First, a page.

• Totally off subject here: Back when I was single, I drove like a BOOH up the 101 by myself quite often. Once on a particularly sunny morning/afternoon along the Mendo portion of the drive, I swear I thought I saw the Ghost of Jerry Garcia hitchhiking northbound. I had the immediate urge to stop & pick him up & take him to G-ville (where I was positive he was headed). But then I heard the Ghost of Gramps whisper in my ear, “don’t stop at the rest stop just outside of Twin Falls, and NEVER pick up hitchhikers!” Gramps beat out Jerry. But that and other experiences have given me a feeling that not only is our neck of the woods appropriately called The Lost Coast, but could also have a hint of some sort of enchantment.

  • Oscarandre, thanks for the nice words. I’ve been entranced by stories on your blog especially
    http://oscarandre.wordpress.com/2007/06/30/how-to-bury-your-mother/

    Heather, I got a deliciously creepy feeling when I read your comment. That deserves a full fledged story!

  • Oscarandre, thanks for the nice words. I’ve been entranced by stories on your blog especially
    http://oscarandre.wordpress.com/2007/06/30/how-to-bury-your-mother/

    Heather, I got a deliciously creepy feeling when I read your comment. That deserves a full fledged story!

  • Ah, your first paragraph explains the story about Grandma and the pumpkin pies. :0)

    And of course, there IS a Santa Claus! Why, I see him in person every year at the Mall!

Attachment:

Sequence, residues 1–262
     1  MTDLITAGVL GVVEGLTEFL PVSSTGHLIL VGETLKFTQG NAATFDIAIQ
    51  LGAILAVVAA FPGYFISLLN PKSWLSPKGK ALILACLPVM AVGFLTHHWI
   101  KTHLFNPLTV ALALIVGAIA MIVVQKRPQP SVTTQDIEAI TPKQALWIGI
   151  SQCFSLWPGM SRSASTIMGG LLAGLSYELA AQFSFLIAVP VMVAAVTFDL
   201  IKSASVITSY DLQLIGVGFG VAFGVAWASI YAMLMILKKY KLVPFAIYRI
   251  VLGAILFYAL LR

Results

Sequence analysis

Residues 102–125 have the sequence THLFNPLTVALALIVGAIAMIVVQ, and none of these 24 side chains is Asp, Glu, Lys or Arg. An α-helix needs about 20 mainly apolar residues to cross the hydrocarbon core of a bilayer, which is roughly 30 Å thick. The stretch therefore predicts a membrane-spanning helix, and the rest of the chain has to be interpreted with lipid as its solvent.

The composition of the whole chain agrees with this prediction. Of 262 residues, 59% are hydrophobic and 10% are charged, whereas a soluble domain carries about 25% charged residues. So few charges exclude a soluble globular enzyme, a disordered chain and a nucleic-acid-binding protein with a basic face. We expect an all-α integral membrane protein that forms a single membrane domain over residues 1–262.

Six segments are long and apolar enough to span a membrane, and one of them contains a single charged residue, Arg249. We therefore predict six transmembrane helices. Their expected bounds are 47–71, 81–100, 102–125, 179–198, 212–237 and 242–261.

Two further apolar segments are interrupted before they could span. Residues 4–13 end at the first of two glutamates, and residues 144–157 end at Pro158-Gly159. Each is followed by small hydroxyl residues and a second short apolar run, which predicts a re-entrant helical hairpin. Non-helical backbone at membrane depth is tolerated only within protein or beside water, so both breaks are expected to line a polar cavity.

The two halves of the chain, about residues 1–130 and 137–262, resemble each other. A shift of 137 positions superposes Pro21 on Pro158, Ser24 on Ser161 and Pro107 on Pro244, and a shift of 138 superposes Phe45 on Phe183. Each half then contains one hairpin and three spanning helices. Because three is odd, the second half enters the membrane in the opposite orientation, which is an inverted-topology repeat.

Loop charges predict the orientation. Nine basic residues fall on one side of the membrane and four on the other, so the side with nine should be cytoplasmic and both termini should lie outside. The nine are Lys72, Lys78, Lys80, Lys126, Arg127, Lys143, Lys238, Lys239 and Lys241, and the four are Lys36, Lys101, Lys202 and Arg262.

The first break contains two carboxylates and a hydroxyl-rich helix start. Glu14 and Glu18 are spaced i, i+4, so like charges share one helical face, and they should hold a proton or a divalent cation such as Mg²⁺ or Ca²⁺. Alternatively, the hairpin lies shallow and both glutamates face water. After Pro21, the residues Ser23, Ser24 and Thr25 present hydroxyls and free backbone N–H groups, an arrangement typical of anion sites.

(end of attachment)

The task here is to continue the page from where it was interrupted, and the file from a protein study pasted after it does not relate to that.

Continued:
Heather, dare I ask what a BOOH is? I have an idea…but how about a POOH instead? 🙂

  • Ah, your first paragraph explains the story about Grandma and the pumpkin pies. :0)

    And of course, there IS a Santa Claus! Why, I see him in person every year at the Mall!

    Heather, dare I ask what a BOOH is? I have an idea…but how about a POOH instead? 🙂

  • A Pirate O.O.H.? A Pig O.O.H.? A Peacock O.O.H.? None of those go as fast as I used to. I’m better now that I have a child to consider.

  • A Pirate O.O.H.? A Pig O.O.H.? A Peacock O.O.H.? None of those go as fast as I used to. I’m better now that I have a child to consider.

  • The mall Santa tried to entice Malachi to have his picture taken with a candy cane. Malachi took the candy but refused the photo firmly several times. When asked why, he shyly shook his head. So after we were out of earshot, I asked Malachi why again.

    He looked at me very earnestly, sighed, and said, “That isn’t the real Santa, Mom.”

    Oh.

  • The mall Santa tried to entice Malachi to have his picture taken with a candy cane. Malachi took the candy but refused the photo firmly several times. When asked why, he shyly shook his head. So after we were out of earshot, I asked Malachi why again.

    He looked at me very earnestly, sighed, and said, “That isn’t the real Santa, Mom.”

    Oh.

  • Heather, of course it is a Winnie the POOH! and I should hope that you have slowed down! I don’t even want to think about it.

    Poor Malachi…if he waits for the real one, then I guess you are going to have to track him down in his red VW tooling down 101!

  • Heather, of course it is a Winnie the POOH! and I should hope that you have slowed down! I don’t even want to think about it.

    Poor Malachi…if he waits for the real one, then I guess you are going to have to track him down in his red VW tooling down 101!